An overwhelming majority of U.S. school districts and states are failing to provide the resources black males need to close the graduation gap. The report breaks down graduation rates for black, non-Hispanic male students by district and state, and compares these rates with their white peers. It also analyzes states by education inequity and National Assessment of Educational Progress scores.
- The 2007-2008 four-year graduation rate for black males in the U.S. was 47 percent.
- New York City, the district with the nation's highest enrollment of black students, only graduated 28 percent of its black male students with Regents diplomas on time.
- New Jersey's Abbott plan demonstrates that when equitable resources are available to all students, systemic change at the state level can yield significant results. New Jersey is now the only state with a significant black population to have an above 65 percent high school graduation rate for black male students.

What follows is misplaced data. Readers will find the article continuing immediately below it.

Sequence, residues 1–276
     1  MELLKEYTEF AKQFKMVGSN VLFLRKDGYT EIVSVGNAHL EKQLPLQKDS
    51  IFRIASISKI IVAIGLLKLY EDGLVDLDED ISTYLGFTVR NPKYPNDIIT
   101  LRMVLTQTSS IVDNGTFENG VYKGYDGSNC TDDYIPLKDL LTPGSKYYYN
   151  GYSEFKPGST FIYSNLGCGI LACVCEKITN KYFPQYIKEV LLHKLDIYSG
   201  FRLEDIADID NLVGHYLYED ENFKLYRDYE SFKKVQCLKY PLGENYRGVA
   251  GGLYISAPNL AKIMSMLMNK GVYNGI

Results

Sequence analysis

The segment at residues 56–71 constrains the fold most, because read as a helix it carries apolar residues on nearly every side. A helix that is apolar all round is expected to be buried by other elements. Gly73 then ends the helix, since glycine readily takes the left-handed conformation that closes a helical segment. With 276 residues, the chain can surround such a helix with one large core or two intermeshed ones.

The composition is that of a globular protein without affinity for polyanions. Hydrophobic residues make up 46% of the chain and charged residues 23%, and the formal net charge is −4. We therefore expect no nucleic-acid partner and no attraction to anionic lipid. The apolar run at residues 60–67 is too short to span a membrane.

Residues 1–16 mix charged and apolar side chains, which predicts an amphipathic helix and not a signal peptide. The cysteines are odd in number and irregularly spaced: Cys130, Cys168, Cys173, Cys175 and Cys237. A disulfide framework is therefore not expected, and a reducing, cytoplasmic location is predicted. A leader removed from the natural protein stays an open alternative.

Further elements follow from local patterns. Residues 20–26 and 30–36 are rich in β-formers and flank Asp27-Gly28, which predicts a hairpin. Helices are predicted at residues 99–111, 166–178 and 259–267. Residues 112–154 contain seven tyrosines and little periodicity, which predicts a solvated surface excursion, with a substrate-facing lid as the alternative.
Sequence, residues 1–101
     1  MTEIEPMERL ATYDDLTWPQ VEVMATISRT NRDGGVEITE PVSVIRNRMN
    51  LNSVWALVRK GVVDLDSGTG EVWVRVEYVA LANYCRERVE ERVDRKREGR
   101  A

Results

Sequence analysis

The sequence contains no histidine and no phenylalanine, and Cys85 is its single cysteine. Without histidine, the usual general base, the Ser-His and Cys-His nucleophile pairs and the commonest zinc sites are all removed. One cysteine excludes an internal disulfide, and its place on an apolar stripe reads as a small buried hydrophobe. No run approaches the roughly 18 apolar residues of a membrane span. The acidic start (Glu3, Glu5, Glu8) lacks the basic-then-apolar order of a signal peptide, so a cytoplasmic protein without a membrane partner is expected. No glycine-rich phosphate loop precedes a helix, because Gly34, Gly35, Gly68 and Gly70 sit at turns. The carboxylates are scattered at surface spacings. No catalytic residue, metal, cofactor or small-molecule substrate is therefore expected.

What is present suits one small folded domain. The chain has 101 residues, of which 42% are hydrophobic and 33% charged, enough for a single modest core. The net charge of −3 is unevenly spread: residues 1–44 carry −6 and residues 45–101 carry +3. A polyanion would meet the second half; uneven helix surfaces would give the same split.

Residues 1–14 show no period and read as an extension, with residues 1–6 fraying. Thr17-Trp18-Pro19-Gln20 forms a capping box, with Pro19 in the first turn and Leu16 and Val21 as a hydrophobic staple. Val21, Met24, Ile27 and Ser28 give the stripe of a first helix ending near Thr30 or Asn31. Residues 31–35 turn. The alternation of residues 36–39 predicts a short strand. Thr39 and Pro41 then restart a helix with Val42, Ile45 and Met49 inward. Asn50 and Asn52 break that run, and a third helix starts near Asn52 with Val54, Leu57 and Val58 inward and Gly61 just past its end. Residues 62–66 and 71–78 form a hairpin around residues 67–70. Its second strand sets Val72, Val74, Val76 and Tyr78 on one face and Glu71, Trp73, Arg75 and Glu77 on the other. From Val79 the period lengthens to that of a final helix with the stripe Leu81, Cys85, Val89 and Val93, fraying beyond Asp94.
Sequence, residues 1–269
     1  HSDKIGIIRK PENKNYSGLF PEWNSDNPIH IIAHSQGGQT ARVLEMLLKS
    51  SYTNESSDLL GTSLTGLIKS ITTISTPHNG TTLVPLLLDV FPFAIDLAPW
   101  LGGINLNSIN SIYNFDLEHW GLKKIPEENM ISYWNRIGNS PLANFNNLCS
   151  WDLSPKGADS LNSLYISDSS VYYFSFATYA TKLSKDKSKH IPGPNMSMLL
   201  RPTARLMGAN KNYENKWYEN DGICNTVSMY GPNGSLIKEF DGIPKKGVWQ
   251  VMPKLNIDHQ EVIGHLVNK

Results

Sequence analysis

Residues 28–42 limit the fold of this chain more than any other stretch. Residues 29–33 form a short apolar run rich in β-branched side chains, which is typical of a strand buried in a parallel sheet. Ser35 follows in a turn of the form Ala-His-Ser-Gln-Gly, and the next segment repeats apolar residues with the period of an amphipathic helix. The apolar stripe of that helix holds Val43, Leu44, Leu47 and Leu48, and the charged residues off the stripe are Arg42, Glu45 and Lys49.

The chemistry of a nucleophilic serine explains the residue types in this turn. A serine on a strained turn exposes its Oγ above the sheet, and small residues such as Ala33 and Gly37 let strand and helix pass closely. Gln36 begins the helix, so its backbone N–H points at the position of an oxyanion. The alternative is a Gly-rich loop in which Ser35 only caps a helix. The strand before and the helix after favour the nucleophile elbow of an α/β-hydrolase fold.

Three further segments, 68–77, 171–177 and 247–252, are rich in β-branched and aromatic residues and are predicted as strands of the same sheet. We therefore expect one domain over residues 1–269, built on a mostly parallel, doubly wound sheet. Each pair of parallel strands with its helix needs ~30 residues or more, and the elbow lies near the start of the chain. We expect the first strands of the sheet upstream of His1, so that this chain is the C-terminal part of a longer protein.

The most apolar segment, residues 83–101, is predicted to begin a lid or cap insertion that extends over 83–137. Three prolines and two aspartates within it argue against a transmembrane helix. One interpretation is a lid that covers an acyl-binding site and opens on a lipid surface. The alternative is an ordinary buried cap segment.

- Behind New Jersey, the states with black male student enrollment exceeding 100,000 that have the highest black male graduation rates are Maryland (55 percent), California (54 percent), and Pennsylvania (53 percent).
- Some states with small populations – such as Maine, North Dakota, New Hampshire, and Vermont – have higher black male graduation rates than the national white male average.